Workers’ Solidarity Federation
History of the Anarchist-Syndicalist Trade Union Movement
We Anarchist-Syndicalists believe trade unions are a mighty weapon in the struggle for improved conditions, and against racism and oppression. We also believe that unions can organise workers to destroy capitalism and the State, by organising the revolutionary seizure and democratic control of the factories, land, and offices. However, we also see the importance of organising other sections of the working class such as women, youth, unemployed and the community.
Our ideas on unions have had a massive impact on the international struggles of the working class and poor. This fact is conveniently ignored by most history books.
These ideas were developed by the powerful Anarchist faction in the First International Workers Association in the 1860s and 1870s. The Anarchists said socialism must come from below through mass organisations of the working class, not through the government like Karl Marx taught. The Anarchists organised strong movements in many countries at this time.
In the USA, Anarchists had a mass base among industrial workers and the poor. They played a central part in the huge 1886 General Strike for an 8 hour day. In Chicago, the Central Labour Union was won to Anarchist ideas and organised 65,000 strikers. The bosses responded by framing and executing 4 Anarchist militants and union leaders. The workers holiday, May Day, began as an anniversary of this grave injustice.
One Big Union
Anarchism suffered many problems in the 1880s, including massive repression and also theoretical confusion. But it re-emerged stronger than ever in late 1890s, when comrades began to focus their energies on the unions.
Anarchist-Syndicalism became the dominant influence on the unions of many countries, including Argentina, Brazil, France, Mexico, Paraguay, Portugal, south China, Spain and Uruguay. There were strong Anarcho-syndicalist minority currents in countries such as Britain, Bulgaria, China, Denmark, Germany, Holland, India, Italy, Japan, Korea, Norway, Poland, Sweden and the USA. Millions of workers, peasants and poor people were won over to Anarchism.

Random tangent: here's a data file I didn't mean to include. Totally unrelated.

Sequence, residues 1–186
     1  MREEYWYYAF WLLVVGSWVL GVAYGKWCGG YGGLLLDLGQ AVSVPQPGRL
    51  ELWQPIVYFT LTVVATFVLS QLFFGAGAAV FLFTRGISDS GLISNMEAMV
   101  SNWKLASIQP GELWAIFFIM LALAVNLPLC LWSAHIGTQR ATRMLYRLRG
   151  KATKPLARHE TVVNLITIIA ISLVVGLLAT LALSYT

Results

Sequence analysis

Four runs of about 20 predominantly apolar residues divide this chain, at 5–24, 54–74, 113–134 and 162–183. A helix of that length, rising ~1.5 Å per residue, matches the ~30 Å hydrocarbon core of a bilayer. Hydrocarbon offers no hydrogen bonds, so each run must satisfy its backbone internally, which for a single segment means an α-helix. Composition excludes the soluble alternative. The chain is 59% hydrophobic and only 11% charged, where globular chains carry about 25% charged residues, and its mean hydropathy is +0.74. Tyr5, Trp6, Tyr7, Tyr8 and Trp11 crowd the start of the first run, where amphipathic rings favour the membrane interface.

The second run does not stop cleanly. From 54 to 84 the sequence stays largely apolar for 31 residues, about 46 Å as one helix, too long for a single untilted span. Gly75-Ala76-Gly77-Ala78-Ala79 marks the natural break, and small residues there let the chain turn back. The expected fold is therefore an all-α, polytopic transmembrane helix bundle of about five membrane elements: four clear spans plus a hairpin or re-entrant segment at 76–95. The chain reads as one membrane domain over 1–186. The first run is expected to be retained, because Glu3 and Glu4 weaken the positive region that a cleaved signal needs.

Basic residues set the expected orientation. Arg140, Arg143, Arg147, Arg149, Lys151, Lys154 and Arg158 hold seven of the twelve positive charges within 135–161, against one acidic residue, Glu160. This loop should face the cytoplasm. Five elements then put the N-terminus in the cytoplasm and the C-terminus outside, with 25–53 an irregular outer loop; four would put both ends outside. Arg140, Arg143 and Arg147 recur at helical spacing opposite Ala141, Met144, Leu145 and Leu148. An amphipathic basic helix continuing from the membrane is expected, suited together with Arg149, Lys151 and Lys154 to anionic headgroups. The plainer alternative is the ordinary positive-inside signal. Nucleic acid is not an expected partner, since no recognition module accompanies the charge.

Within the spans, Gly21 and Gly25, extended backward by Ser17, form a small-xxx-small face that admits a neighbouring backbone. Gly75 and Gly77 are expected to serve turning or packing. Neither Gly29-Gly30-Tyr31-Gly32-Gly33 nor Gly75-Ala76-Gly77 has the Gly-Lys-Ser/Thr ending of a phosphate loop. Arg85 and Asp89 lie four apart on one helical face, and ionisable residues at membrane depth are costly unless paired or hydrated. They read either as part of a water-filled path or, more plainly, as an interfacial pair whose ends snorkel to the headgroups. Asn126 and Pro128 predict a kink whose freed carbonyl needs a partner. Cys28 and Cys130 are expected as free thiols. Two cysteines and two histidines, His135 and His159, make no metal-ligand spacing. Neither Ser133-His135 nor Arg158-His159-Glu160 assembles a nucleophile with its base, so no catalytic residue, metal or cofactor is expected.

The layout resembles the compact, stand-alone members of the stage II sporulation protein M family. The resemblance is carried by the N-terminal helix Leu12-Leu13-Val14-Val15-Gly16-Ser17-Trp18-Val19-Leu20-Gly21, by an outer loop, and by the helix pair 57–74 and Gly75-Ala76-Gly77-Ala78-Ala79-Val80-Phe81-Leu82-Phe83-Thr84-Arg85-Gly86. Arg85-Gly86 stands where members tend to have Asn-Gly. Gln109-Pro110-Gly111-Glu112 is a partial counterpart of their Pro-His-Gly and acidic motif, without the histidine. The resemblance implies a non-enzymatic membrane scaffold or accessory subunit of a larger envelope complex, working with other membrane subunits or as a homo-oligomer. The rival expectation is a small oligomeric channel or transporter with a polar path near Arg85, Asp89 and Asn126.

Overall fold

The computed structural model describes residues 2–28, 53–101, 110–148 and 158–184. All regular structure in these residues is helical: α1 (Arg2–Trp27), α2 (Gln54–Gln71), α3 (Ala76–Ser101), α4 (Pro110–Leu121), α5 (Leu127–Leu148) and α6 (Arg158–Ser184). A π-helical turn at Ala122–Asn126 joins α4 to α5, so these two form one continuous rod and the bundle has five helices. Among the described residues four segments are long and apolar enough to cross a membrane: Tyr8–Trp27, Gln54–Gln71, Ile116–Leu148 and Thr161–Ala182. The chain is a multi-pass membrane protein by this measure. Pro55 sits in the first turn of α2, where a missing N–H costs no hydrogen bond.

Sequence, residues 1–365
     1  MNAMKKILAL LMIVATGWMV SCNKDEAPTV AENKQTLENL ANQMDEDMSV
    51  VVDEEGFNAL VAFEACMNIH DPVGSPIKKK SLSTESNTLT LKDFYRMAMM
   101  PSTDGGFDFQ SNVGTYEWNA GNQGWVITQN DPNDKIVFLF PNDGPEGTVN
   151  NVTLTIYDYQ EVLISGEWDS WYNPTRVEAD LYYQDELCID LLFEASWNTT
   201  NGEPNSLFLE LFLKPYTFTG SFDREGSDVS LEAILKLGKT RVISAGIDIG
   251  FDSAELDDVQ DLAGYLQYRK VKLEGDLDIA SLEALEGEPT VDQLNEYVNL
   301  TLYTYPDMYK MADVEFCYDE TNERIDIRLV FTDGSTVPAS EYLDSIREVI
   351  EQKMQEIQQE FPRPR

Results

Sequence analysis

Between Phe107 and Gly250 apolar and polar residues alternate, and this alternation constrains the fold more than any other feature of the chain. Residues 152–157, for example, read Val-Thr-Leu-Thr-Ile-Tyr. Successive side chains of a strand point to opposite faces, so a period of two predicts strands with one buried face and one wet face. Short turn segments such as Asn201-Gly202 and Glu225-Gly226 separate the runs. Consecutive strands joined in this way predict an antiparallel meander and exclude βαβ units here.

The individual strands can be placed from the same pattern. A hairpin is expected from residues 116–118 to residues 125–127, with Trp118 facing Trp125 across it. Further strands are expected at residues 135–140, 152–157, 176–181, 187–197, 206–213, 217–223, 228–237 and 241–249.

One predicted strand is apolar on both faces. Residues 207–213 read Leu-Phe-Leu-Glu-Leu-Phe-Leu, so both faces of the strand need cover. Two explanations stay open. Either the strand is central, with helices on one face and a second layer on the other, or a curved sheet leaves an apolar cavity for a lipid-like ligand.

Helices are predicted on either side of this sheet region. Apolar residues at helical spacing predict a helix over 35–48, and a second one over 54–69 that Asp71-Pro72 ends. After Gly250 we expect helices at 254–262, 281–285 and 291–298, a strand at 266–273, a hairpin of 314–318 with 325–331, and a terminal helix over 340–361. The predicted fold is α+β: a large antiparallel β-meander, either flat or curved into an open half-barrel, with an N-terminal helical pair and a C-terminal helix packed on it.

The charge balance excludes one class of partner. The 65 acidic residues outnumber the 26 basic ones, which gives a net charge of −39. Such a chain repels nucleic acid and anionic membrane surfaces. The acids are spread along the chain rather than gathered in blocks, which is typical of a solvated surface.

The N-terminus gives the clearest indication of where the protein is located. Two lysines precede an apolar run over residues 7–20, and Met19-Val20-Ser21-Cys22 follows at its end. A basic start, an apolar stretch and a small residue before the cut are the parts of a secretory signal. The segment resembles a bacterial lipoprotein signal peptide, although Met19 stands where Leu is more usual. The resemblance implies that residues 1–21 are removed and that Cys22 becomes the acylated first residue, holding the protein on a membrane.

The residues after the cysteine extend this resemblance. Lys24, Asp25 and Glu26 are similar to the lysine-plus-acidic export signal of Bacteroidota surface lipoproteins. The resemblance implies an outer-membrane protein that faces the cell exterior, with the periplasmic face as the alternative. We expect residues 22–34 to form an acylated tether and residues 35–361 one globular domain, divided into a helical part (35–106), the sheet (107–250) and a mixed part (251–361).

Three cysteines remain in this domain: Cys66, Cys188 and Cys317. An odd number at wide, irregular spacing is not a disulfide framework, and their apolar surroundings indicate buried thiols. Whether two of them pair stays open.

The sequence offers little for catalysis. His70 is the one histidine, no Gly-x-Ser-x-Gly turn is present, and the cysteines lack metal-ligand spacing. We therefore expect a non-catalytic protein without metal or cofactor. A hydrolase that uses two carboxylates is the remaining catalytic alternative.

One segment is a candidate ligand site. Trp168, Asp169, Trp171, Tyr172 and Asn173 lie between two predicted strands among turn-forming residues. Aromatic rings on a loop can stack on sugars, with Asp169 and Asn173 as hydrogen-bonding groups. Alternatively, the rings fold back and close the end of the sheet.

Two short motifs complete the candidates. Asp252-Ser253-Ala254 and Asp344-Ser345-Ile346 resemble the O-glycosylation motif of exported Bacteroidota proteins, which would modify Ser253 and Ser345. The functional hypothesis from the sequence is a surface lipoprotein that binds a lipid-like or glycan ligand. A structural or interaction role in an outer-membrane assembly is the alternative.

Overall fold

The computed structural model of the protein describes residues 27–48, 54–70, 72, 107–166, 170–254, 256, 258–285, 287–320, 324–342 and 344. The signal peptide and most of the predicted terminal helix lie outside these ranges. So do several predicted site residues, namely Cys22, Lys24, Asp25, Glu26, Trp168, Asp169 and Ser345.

World War One
Almost every single Anarchist-Syndicalists union and group opposed the imperialist World War One. They paid a high price for their struggles to end the war and to defend workers rights. In the USA, the Industrial Workers of the World union (IWW) was broken down by severe vigilante and State attacks 1917–8. The IWW group in Australia was banned in 1917 for opposing the war effort.
The Anarchist-Syndicalists played a leading part in the great wave of revolutionary upheaval that shook the world between 1917 and 1922. They were central to the Italian factory occupations of 1919–20, and launched general strikes that escalated into revolutionary confrontations in Mexico (1916), Spain (1917), Portugal (1918), and Argentina (1918–9). They realised that the Russian Revolution had been destroyed by the “Communist” Party which built a one-party State and State capitalism.
Communism and Fascism
Anarchist-Syndicalism stayed a powerful force in the 1920s. But it was weakened by the establishment of “Communist” Parties in many countries. These parties attracted many workers and Anarchists who were impressed by the Russian Revolution. These comrades wrongly thought socialism must be imposed from above by a “revolutionary party” using the State.
The Anarchist-Syndicalist unions also faced repression at the hands of the fascist-type dictatorships that were set up by the bosses in Europe, South America and Japan. The victims of the fascists included all the Argentine, German, Italian, Japanese and Portuguese working class organisations. More movements were smashed during and after World War Two by the Nazi occupation of West Europe, and the Russian Army in Eastern Europe.
Spanish Revolution (1936–7)
Anarchists argued that it was necessary to stop the fascists politically and physically. They helped organise United Fronts to try stop the fascists taking power in Italy and Japan. Heroic resistance continued even under fascism. In 1923 Bulgarian Anarchists launched an armed uprising against the dictatorship. In Spain, armed workers organised by the Anarchist-Syndicalist CNT (National Confederation of Labour) smashed an attempt by fascists to take power in July 1936. The CNT then spearheaded a mass movement of 7 million workers and peasants to take over the land and factories and put them under the control of democratic collectives.
In the end the fascists won these various battles. The good news is that Anarchist-Syndicalist ideas have re-emerged across the world since the 1970s. In Spain and Sweden, tens of thousands of workers are currently organised in revolutionary trade unions.
In Nigeria, the Awareness League (AL) was organised in 1989. Its Charter states that it is “inspired by, and committed to the ideals, principals, objectives, goals, ends and purposes of anarcho-syndicalism”. The AL is active in the struggle against the military regime.